When you lose someone in your life that is close to you, there’s a part of you that dies as well.  As I was entering my 20’s, I knew that there would come a day when my parents weren’t with me anymore.  It still didn’t seem real.  It felt like if I just pushed that notion to the back of my mind, I could make the whole concept disappear. It isn’t as if I had never had any friends or relatives pass before, but I think I shielded myself from the true pain of it all.  As crazy as it may be, the first death in my life that brought me physically to my knees, was my dog Boscoe.  That was in 2005.  My mom died in 2008.  I often look back and think to myself, what if I had known in 2005 that she only had barely 3 more years to live.  Would I have called more?  Come over more?  Done anything, SOMETHING differently? 

I cried for weeks when Boscoe died.  Suddenly, every moment of every day I was talking to myself.  “Oh my God, what if Mom dies?”  “Oh my God, what will I do when Dad dies?”  I was overcome with fear.  In the past, death seemed distant and I felt untouchable.  Now, it was right here, present in my life and I was terrified.  I had nightmares, my depression became worse.  Most days I was lucky to take a shower, and I could no longer work.  My poor husband.  Stuck by me through all of it.  At one point, I had gone so long without leaving the house, that on the day that I finally decided to, the battery on my truck was dead. 

I wouldn’t allow myself to enjoy birthdays.  It meant getting older.  It meant getting closer to dying.  I worried every minute about my parents……my husband.  Why is he late?  Death now terrified me and there was no escaping it.  The idea of dying consumed me.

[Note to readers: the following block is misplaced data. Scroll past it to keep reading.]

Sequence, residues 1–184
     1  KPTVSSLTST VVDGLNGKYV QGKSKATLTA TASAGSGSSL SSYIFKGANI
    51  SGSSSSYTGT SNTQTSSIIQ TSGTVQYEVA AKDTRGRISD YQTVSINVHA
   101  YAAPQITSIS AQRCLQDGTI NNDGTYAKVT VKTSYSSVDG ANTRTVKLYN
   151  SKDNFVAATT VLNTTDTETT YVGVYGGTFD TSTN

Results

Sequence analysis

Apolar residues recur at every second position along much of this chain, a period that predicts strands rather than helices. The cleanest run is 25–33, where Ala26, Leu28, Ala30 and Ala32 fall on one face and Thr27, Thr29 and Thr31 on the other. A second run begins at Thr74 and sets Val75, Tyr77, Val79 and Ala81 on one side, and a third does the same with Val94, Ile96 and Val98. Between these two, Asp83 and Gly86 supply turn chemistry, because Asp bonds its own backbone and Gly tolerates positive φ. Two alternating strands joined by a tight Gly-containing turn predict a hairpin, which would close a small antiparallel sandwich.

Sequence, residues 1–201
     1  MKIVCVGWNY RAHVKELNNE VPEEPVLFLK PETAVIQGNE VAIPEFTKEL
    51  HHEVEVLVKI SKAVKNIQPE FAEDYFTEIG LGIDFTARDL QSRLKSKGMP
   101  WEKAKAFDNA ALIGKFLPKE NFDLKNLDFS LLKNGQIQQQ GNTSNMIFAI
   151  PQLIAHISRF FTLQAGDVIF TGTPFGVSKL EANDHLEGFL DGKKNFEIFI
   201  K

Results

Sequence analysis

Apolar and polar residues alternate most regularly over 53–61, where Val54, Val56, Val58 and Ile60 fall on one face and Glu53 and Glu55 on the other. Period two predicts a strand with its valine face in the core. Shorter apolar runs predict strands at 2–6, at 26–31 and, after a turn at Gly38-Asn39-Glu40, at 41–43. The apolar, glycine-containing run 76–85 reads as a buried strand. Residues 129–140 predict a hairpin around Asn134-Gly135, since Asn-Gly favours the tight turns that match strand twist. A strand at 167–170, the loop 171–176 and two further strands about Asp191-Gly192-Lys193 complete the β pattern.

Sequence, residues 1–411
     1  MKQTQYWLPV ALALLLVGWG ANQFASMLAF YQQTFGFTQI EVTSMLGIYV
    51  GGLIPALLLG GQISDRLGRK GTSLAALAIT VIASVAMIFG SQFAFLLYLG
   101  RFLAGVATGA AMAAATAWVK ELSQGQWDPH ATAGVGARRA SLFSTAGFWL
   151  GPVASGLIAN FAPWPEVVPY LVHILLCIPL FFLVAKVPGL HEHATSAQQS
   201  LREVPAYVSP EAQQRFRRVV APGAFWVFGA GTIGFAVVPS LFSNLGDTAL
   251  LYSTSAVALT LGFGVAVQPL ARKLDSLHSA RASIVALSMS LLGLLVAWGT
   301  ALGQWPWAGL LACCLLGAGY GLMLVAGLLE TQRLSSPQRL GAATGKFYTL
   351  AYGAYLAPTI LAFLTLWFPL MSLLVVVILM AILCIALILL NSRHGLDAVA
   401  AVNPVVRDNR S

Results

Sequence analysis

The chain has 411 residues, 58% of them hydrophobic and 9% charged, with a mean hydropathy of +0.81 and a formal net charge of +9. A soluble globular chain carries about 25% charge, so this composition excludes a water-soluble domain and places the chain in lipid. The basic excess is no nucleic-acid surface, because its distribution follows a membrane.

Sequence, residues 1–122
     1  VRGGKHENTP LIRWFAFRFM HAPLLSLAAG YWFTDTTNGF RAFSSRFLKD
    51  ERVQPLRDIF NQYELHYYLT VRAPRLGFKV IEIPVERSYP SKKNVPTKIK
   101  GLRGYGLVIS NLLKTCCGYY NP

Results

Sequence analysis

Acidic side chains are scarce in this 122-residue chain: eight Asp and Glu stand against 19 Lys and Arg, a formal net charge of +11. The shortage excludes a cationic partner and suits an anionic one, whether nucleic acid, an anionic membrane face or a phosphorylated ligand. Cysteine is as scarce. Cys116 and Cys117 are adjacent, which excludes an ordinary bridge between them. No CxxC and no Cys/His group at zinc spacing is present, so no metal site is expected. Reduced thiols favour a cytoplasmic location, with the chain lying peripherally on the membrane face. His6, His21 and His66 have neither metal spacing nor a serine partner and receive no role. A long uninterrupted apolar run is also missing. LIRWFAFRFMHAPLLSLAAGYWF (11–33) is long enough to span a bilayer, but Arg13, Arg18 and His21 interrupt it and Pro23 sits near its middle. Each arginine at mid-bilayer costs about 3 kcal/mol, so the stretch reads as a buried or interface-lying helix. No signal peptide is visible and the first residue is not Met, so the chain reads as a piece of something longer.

Sometime in 2006, I can’t really recall when I began to feel like life was getting a little clearer.  Like maybe things were going to work out OK for us.  We had bought our first house, and things were really looking up.  It was then that my mom started to get sick a lot.  She always seemed to have the flu, trouble breathing.  January of 2007 she really felt ill, and I didn’t know what to do.  I didn’t have a vehicle at that time, and I really didn’t think I could help. 

It was June of 2007 when my dad called me from the car.  He had my mom with him and they were rushing her to the hospital.  She had a doctor’s appointment, and was having so much trouble breathing, they put her on oxygen, and sent them straight to the ER.  How did I not know it was this bad?  Why didn’t we get her help sooner?  Dear God, please don’t take her…..that was all I could say.  Please don’t take her. 

When I look back on losing my mom, and everyone else that has passed, it really scares me how little I am able to cope with grief.  If I had one wish it would be to learn how to effectively process grief.  I know I am always going to feel an overwhelming sense of grief due to those that I have lost and will lose.  I just need to learn how to accept the fact that I am in pain, process it, and get through it. 

What are some ways you process grief?

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